Oregon Outback :: Day 2 :: The Adventure Begins
Waking up after a night of great sleep, Tobe and I packed up our camp on the Sprague River. The weather was misty and cool. The mass start had happened, about 150 plus people had left Klamath Falls at 7 am, we figured in about 2 hours the first fast cyclists should pass us. I can feel the energy in the air of all the happy people pedaling towards us. My mood and energy was 100% better then the day before, I was ready to get back on the road and start this adventure. Day 2 was the really the first day for me, it was becoming a reality this was really happening. After a quick stop for snacks and water at the local store, we headed out for more OC&E trail riding. The roads in Oregon are infinite, you can see them roll on for miles. You never feel like you getting where until you see some type of marker.
The rain was on and off but we were ahead of the most of the heavy storms. The sun would pop out and it would make for the most dramatic lighting with a storm backdrop. Today also was the day of the cattle gates. We were rolling thru cattle country and the cows would run with us, we seemed to spoke them. We had one little incident with a cow in the track, she didn’t move and I had a fast dismount right into a swamp puddle next to the track. EWWWW. I can still smell the puddle in my shoe to this day. As dismounts and landings go, the Russians would gave my effort a 9.5. We reached the turn off for Beatty, when two riders caught up with us. They rolled out the day before with the same intentions as us.
Just as soon we stopped to talk with Todd and Chris, the first one day rider came thru. Austin Horse was hauling and smiling (see the blurry picture of the orange coat, 200 speed film plus low light and motion). I’d had met him in my alley cat racing days, it was a surprise to see him. I was now amped even more, the energy in the air was getting stronger, more people where coming down the trails. Rolling as group now, the four of us moved on to find the river spot for lunch. Chris had rode the route the year before and had the best tips. We rolled up the river camp, stopped for lunch and the sun came out for us. I was able to wash my shoes and socks from the swamp puddle landing and take a bird bath. We saw more riders pass us, the hype was building, the fast groups were so much fun to watch and cheer on. This is my type of sports.
We were only 20 some miles in on a 80 mile day, so we needed to get rolling after lunch. Carrying on the endless gravel roads of the outback, we pedaled more and more gravel. Up and down, Up and down and more rain. We stopped to put more layers on and kept on pushing the pedals. I also saw the first of the women rolling thru, it was great to at least have some female presence among all these dudes. Then the gravel ended, a road started, we didn’t expect that. We took a break and all the people passing us had this sigh of relief as they landed on pavement. I thought the road was blessing, we could make better time towards our destination. Yet this road for over 5 miles was some of worst road on the whole trip. There was 4 to 8 inch cracks across the road, just enough to jar your body, over and over and over every 10 feet. We decided not to take the gravel way, which as we heard we just as pleasing. Finally we rolled over a cattle gate into a county road and we had 3 smooth downhill miles til the end.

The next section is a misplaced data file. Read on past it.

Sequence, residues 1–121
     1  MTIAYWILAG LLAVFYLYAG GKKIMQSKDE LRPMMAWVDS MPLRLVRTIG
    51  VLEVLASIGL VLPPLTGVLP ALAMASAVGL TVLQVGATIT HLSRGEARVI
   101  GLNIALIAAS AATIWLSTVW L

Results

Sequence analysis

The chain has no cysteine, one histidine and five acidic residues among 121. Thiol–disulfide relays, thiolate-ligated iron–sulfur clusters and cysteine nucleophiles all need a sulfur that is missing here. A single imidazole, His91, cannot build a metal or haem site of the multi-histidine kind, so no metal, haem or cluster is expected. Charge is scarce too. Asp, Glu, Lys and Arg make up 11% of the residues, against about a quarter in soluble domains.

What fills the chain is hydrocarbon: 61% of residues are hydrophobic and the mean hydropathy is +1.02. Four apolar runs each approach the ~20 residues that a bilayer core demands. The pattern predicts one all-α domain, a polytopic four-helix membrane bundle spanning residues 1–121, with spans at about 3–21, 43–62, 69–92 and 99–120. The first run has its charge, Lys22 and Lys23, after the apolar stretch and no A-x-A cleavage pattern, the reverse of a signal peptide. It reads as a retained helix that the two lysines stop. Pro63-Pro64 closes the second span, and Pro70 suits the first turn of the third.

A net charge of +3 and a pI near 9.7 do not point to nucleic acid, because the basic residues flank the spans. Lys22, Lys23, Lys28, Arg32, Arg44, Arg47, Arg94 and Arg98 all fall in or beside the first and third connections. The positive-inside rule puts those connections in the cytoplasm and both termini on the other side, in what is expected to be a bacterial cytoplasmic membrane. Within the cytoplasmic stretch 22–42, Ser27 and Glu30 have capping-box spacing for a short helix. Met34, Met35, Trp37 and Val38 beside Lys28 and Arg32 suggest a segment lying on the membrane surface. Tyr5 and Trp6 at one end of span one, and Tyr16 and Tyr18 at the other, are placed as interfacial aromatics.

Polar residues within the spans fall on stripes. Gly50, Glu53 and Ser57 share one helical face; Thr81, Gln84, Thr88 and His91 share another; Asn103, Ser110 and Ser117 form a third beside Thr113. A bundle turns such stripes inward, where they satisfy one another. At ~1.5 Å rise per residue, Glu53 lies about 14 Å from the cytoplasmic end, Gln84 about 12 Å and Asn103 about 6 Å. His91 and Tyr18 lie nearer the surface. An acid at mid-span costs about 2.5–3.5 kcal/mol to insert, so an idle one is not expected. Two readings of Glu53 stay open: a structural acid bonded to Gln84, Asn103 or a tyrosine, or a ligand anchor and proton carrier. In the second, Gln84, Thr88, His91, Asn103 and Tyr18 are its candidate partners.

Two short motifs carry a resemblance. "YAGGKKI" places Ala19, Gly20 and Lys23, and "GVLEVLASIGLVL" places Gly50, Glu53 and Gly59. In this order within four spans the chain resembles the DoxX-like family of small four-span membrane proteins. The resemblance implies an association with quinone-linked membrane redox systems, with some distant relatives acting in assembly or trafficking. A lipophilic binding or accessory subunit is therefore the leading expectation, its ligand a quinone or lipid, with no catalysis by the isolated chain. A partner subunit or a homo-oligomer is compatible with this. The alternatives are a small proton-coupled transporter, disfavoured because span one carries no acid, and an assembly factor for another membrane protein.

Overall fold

We rolled into Silver Lake with two others we picked up on route, check out Matthew Moore’s photos. We couldn’t be any happier to eat hotdogs and drink a beer at Silver Lake. The gracious store owner was keeping hotdogs warm for people, telling them to stay in the local barn and staying open late to make sure people were taken care of. Living in an urban area, my empathy for humanity has been less present. In this rural area, I felt the the reemergence of humanity, no matter what these people care about the other humans. Upon my first step off the bike, I saw a bay area friend Tex. He came up and asked “hey would you guys like to share this hotel room with me?” My first thought was, that’s not the experience… but then a shower and a dry night sounded amazing. Hot shower and a cold beer was the best treat. .
We sat around, had dinner, more beers and watched riders roll in for the evening. We even treated ourselves to ice cream and a whole contrainer of cookies. The evening goal was to dry our gear and reset our minds for a big day tomorrow. We were planning a good 90 miles for the next day. I could feel my legs, I was sore and had thumping sit bones. I was happy though, the adventure had started and tomorrow would be a another new adventure for my mental and physical abilities.
Also photo'd in this series: Daniel Schafer (we called him the Lone Goose, he joined us Team Turtle Power for a pull on our way to Fort Rock) Check out his photos as well.